Recent reading includes several graphic novels and three works of non-fiction.
Book 63: Punk Rock Jesus by Sean Murphy
Religion and reality TV collide in this dark and provocative graphic novel written and illustrated by Sean Murphy.
DNA from the Shroud of Turin is used as a starter kit to clone a modern-day Jesus Christ. Many doubt his divinity, others wants to use him for their own ends. Jesus -- who calls himself Chris -- has his own ideas about how he wants to live life, including a star turn as the lead singer for a punk rock band.
Punk Rock Jesus is a disturbing work with more questions than answers. It amply demonstrates the broad range of subject matter found among current graphic novels. It lends itself perfectly to Murphy's artistic vision.
Book 70: Collected Essex County by Jeff Lemire
Collected Essex County by Jeff Lemire features inter-connected stories worthy of fellow Canadian Alice Munro.
The stories of a lonely boy living on a remote farm with his uncle, two brothers whose dream of playing professional hockey are shattered when they fall in love with the same woman and a country nurses who tends to her patient's emotional needs each build on the other into a satisfying whole.
Lemire's seemingly rough-hewn art perfectly reflects the poignancy of these stark tales. This is a graphic collection that fits nicely on the shelf alongside the best literary fiction.
Book 79: The House of the Baskervilles adapted by Ian Edginton and I.N.J. Culbard
This adaptation of Conan Doyle's classic tale of Sherlock Holmes and Dr. Watson lacks the spooky atmosphere of Culbard's take on Lovecraft's At the Mountains of Madness. Still it's loads of fun.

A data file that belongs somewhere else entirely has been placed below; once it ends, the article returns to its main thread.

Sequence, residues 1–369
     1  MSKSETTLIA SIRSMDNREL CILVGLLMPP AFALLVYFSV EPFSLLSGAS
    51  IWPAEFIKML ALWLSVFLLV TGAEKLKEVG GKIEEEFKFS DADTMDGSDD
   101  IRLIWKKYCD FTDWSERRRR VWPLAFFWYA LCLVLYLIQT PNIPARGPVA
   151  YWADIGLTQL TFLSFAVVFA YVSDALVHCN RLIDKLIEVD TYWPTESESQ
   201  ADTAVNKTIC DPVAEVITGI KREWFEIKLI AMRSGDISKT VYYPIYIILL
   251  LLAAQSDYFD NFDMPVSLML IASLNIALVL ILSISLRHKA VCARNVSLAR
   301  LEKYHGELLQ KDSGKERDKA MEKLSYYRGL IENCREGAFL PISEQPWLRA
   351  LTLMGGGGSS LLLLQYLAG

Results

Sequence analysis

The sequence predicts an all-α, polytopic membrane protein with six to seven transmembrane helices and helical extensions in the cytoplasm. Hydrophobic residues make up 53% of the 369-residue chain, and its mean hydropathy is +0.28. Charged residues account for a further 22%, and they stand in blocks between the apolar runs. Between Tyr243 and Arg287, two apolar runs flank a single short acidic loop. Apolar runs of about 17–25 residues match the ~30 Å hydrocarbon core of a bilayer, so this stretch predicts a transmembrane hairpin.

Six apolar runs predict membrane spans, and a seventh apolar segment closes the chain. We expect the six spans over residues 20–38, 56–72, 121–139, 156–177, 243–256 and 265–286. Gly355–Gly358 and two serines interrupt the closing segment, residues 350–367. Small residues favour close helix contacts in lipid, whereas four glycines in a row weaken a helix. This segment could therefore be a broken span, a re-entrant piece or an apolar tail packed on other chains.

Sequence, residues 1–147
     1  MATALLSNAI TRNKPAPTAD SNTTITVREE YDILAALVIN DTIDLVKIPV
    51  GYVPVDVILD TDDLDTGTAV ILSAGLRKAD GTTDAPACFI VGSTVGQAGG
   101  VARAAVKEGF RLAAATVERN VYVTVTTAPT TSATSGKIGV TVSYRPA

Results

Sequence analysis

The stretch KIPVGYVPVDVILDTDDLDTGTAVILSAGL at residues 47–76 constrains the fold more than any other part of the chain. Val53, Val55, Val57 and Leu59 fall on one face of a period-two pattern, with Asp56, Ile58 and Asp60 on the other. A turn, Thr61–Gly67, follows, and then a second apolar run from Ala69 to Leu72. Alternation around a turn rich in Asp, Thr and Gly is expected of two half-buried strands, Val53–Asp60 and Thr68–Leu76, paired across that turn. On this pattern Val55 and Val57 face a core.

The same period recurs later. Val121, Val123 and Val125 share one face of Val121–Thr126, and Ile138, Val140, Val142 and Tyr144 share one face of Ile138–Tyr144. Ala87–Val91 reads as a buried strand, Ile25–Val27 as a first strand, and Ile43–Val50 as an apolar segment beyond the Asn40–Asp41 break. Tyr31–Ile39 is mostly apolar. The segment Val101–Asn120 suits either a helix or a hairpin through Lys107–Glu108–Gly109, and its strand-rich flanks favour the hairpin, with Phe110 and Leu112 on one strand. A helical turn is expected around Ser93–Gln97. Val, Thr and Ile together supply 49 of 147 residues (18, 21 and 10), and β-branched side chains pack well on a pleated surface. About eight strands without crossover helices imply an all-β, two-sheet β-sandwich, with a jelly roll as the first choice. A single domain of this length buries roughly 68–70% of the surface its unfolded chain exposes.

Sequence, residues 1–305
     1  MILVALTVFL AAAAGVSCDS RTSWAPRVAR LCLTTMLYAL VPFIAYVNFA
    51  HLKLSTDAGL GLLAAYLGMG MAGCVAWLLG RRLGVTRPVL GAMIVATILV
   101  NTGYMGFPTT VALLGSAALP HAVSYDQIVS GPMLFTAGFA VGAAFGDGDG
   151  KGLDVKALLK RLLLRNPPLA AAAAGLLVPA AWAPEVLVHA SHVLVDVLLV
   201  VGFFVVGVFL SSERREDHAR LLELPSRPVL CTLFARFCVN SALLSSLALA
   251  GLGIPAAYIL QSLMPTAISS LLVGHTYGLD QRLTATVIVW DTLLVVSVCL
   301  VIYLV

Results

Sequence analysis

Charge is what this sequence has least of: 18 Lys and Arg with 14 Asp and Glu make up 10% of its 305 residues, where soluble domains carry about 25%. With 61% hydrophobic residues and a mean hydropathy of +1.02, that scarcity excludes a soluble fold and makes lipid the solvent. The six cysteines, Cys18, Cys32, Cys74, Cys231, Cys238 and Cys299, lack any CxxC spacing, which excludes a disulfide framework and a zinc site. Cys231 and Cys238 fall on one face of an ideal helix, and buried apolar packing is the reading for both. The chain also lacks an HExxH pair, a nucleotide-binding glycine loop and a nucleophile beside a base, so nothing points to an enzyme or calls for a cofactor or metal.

Other graphic novels worthy pursuing: The Killer (Vol. 1) by Jacamon and Matz, Cairo by Willow and Perker and Pride of Baghdad by Brian K. Vaughan. (These were books 80, 82 and 83 for me this year.)
Book 72: Mint Condition by Dave Jamieson
A lively account of the rise and fall of the baseball card industry. Remember -- it's only cardboard.
Book 73: With or Without You by Domenica Ruta
There's a formula for memoirs of a certain type: 1) self-centered parents (or better yet one parent) given to drink or violence; 2) failure to learn the lessons imparted by the parent's mistakes; and 3) the author repeats those mistakes as an adult only to reform and write a hit memoir.
Memoirs they do get weary.
Book 74: Bossypants by Tina Fey
Tina Fey is a funny woman. A very funny woman. Bossypants is funny book -- at times. At times, it's not. And sadly when a joke falls flat on the page, there's no where for it to go.
I'm told the audiobook of Bossypants is a hoot. I'll bet that's right.